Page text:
reasons to stay in a difficult marriage with mental illness PTSD

The Three Reasons Why I Choose to Stay Alongside PTSD

There are three reasons why I stay.

And by stay, I mean in this family, in this marriage. Because, let’s face it, even though we know the grass is never greener on the other side, when your grass starts growing serious prickles then maybe any colour grass might be better.

So, to be completely honest, yes, I have thought about the idea. I could even go so far as to say I have, at times, even fantasised about the idea. The idea of leaving.

That’s hard to write, actually.

It’s even harder to say.

But I’ve never put a plan into action. Not even close. There was a stretch of almost a year when I couldn’t bring myself to wear my engagement and wedding rings. It made me feel like a phoney. Like I was accepting all the bad behaviour in my world. Like I was committed to living in that way. Like I was married to PTSD.

I am married to PTSD. And yes, it is my choice to stay. But it’s not an easy choice to make.

Abuse comes in many forms, and although there’s a lot of focus on physical domestic violence – and rightly too – there’s certainly plenty of other ways to be hurt that won’t leave a mark. Hell, don’t we already know that all too well…. hello PTSD.

If you know a friend who is in the trap of domestic abuse, you would support her in any way to escape the situation. Anyone would. And it would be the right thing to do. No one should stay in such a toxic environment, and neither should their children.

But if you know a friend who is supporting a partner suffering with severe mental illness, a partner who is often resistant to treatment, and, as a consequence, her daily life often involves submitting to unsolicited anger rages, problematic drinking, aggressive arguments, and other intimidating behaviour, what would you say? If she decides to leave – for her sake, and for the sake of her children – would you tell her that she’s done the right thing? Or do you privately label her as a selfish, callous bitch for walking out on her partner in his time of need?

It’s not quite so black and white after all, is it?

I’m committed to my marriage. Committed in the most stubborn way. And although my marriage vows are, without doubt, part of my reason to stay and support my husband in any way I can, they are not the main reason.

My three main reasons for staying, and fighting with such blind determination to keep this family together, despite the ravages of PTSD, are complex and obsessive.

Yet, at the same time, they couldn’t be more simple….

 

my 3 reasons for staying

These are my three children.

And they are the reasons why I stay.

They deserve the loving family they were born into. They deserve committed and devoted parents. Parents who put them first, always. They deserve a safe home at all times, and the complete freedom to be happy, rowdy, inquisitive children.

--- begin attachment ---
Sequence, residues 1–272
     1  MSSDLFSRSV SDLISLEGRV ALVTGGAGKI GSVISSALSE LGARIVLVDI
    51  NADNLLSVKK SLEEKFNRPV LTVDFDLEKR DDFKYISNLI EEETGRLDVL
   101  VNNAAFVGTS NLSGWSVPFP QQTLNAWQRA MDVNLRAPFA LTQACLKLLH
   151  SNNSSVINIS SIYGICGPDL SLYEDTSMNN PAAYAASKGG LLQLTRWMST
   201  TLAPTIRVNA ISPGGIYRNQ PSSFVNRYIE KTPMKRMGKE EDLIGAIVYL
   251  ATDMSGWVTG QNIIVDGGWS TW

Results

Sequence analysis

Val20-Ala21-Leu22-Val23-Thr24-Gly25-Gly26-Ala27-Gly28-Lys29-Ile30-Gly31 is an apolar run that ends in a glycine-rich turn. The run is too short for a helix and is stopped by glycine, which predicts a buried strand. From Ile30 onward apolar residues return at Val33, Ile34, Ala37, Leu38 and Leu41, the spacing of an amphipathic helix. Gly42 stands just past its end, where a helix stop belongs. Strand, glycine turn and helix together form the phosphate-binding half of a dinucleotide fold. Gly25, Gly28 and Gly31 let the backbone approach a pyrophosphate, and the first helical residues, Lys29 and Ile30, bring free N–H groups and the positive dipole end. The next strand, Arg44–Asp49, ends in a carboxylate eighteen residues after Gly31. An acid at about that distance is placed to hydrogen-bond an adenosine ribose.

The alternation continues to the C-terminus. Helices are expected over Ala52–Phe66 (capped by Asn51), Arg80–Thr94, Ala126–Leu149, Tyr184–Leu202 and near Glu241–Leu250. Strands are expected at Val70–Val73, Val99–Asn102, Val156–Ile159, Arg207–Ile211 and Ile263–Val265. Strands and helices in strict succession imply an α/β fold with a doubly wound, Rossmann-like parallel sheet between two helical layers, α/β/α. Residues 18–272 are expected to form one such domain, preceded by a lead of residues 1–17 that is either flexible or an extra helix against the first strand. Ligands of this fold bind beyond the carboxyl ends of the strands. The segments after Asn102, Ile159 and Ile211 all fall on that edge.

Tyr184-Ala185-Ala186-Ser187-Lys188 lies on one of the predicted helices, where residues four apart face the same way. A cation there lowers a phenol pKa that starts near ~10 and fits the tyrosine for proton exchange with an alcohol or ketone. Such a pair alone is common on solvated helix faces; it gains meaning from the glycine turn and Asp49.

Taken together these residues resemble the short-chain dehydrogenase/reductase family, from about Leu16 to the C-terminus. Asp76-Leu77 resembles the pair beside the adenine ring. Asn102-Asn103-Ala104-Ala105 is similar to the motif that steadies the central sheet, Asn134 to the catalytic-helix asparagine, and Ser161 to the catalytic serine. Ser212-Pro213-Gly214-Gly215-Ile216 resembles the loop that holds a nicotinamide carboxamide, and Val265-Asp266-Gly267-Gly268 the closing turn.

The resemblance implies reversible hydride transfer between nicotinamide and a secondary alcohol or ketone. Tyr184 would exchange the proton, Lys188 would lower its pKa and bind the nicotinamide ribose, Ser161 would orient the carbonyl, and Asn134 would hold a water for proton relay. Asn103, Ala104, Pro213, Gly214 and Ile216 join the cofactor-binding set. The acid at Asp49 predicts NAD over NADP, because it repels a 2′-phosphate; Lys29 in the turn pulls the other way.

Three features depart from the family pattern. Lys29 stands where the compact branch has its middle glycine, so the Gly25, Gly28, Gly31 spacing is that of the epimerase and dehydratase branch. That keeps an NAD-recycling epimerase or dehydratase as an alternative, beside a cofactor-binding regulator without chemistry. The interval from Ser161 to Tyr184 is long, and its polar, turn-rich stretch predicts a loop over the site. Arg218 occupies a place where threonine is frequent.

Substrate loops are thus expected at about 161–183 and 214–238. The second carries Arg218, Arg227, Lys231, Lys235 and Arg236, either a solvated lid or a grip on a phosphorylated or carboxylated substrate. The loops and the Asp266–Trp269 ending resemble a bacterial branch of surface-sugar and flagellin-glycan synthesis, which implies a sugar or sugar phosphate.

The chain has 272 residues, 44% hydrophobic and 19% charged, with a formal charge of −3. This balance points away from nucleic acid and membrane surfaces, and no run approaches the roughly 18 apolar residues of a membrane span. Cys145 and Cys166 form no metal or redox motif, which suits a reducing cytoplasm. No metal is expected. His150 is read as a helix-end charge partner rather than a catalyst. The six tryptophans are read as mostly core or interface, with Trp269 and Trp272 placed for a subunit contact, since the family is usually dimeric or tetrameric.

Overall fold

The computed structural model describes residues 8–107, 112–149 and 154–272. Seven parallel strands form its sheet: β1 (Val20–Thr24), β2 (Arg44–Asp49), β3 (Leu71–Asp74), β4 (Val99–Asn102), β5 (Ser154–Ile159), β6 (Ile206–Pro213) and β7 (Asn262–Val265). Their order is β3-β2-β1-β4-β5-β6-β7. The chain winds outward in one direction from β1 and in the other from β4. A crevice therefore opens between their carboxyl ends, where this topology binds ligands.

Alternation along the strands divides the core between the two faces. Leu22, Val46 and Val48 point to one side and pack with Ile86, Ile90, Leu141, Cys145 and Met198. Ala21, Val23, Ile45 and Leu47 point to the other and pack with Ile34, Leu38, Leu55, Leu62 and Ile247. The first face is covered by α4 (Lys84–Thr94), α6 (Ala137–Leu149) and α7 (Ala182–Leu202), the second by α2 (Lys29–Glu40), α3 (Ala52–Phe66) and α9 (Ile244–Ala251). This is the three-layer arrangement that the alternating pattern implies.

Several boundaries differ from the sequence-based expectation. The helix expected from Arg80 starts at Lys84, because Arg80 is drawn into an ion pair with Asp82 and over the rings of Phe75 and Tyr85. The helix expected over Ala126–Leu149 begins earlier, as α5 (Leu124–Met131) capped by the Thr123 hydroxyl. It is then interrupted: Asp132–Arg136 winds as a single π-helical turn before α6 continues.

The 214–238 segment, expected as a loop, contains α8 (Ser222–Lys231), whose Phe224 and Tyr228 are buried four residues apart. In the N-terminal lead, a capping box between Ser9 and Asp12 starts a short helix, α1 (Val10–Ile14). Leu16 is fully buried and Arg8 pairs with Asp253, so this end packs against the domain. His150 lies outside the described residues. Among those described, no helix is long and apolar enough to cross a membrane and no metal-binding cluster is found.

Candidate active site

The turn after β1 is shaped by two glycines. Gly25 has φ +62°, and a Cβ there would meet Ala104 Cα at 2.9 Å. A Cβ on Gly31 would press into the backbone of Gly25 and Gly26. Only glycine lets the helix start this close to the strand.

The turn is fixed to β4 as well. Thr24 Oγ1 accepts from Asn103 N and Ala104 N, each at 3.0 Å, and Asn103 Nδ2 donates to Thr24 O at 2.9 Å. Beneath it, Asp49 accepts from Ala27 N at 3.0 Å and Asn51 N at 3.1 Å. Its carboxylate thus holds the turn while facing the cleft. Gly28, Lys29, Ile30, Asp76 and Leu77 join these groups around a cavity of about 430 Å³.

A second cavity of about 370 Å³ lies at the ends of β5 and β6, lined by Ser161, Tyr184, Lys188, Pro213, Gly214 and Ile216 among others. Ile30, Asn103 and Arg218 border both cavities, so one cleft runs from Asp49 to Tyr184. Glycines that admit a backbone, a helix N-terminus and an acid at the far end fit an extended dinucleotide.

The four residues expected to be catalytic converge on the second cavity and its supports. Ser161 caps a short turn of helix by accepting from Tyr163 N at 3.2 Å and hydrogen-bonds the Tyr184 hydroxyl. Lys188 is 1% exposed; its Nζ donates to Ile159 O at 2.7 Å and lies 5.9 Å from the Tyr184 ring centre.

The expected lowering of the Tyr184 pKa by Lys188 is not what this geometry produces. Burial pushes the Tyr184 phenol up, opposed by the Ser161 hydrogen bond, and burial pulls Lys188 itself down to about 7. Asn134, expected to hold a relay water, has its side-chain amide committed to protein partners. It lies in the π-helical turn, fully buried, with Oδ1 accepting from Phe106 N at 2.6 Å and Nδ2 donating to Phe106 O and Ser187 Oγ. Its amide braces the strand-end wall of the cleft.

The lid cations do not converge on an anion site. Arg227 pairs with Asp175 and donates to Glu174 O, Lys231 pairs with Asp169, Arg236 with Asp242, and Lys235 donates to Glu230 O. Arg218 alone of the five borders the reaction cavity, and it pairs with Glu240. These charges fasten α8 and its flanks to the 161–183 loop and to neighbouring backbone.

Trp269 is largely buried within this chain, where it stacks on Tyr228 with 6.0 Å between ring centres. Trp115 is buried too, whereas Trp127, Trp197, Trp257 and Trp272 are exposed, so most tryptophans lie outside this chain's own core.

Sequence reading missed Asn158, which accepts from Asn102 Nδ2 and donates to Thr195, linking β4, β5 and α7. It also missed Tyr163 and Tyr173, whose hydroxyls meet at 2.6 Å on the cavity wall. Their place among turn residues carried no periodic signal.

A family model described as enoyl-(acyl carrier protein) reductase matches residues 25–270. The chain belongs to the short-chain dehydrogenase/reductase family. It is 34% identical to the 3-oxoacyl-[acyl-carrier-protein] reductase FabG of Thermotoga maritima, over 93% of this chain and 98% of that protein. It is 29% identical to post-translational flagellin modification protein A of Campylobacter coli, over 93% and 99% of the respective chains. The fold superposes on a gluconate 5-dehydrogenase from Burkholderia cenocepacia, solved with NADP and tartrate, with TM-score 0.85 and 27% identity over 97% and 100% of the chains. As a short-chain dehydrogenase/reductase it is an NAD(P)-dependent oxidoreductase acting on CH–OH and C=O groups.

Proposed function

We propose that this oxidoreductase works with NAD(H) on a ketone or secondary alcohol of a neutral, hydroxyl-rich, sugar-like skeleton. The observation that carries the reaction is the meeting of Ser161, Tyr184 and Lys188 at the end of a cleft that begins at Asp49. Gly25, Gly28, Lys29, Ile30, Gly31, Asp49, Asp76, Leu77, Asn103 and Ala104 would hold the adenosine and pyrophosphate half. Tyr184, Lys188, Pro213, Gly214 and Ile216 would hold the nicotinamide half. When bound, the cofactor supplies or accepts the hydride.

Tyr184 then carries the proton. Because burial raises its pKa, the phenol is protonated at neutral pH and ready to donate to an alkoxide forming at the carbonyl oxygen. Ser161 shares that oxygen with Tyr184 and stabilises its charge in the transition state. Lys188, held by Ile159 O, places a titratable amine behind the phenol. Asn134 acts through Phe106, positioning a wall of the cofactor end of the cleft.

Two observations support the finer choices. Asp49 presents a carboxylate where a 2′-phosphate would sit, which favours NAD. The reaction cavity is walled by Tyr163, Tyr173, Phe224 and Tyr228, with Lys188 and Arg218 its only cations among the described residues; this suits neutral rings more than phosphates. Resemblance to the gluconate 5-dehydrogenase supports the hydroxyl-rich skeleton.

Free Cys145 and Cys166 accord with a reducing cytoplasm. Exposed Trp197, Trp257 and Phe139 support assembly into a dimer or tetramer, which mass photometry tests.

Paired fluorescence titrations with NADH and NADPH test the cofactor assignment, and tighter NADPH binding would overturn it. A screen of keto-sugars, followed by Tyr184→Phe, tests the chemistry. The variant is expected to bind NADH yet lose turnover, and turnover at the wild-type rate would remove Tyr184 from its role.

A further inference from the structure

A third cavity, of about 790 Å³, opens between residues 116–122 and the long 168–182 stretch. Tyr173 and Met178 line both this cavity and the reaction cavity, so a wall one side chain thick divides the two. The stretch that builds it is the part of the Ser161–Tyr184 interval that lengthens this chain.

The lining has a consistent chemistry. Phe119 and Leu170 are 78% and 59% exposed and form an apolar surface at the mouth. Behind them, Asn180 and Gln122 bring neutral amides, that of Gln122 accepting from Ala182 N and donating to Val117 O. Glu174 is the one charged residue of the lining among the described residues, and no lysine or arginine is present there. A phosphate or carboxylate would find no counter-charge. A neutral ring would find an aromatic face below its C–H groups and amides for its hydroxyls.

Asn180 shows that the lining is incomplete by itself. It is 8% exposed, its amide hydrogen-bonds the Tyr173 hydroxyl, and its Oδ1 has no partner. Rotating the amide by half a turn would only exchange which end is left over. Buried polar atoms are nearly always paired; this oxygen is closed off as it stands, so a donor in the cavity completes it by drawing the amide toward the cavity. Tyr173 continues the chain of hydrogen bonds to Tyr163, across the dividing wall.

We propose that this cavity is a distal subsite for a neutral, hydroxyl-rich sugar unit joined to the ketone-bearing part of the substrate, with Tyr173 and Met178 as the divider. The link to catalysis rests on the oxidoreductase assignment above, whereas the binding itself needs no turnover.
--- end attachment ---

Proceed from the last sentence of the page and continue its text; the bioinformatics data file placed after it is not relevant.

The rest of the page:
I have been fighting for five years. And I’ll fight for many more if I have to.

 

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4 thoughts on “The Three Reasons Why I Choose to Stay Alongside PTSD

  1. Travis says:

    Hi Lea, thanks so much for leaving yourself vulnerable in sharing your stories with us. As a husband, father and mental health professional I too share your sentiments why I choose to stay in my marriage despite the daily challenges of supporting my wife through a very difficult period in her life. I have discovered through this journey that change is inevitable whether one engages with it or not. Whilst the recovery process belongs to my wife, I have chosen to embrace this change for what it is, accept it and engage with it in a meaningful way. Life has been asking me some very difficult questions. I can’t say that I have always wanted to answer then or that I have answered them at all. However, as my journey continues with no great certainty about the outcome, my hope is that one day, our children will reflect upon this time in their life’s, when they are experiencing challenges of their own, and remember the courage and commitment that is required when life will inevitability be asking them some very difficult questions. Thanks so much for sharing your life with us and I hope that this journey will continue to be a meaningful one to you all.

    Like

    • Lea says:

      Travis, thank you for your heartfelt comment, it definitely strikes a chord with me. I think it’s really only been this year that I’ve finally been able to listen to and answer some of life’s difficult questions, but I can see that it’s helping me find our new path forward. I wish you much strength on your own journey. Take care.

      Like

  2. Bernie says:

    Hopefully there will be a light at the end of the tunnel for your family. Treatment and the acceptance of it is a big thing. Hopefully your husbands treatment team include you in the process. You ts extremely important that this happens.

    Liked by 1 person

    • Lea says:

      Thank you Bernie, and yes, I try to be a big part of my husband’s treatment team. Sometimes that means a very proactive role, and sometimes that means just sitting on the sidelines with the kids and waiting.

      Liked by 1 person

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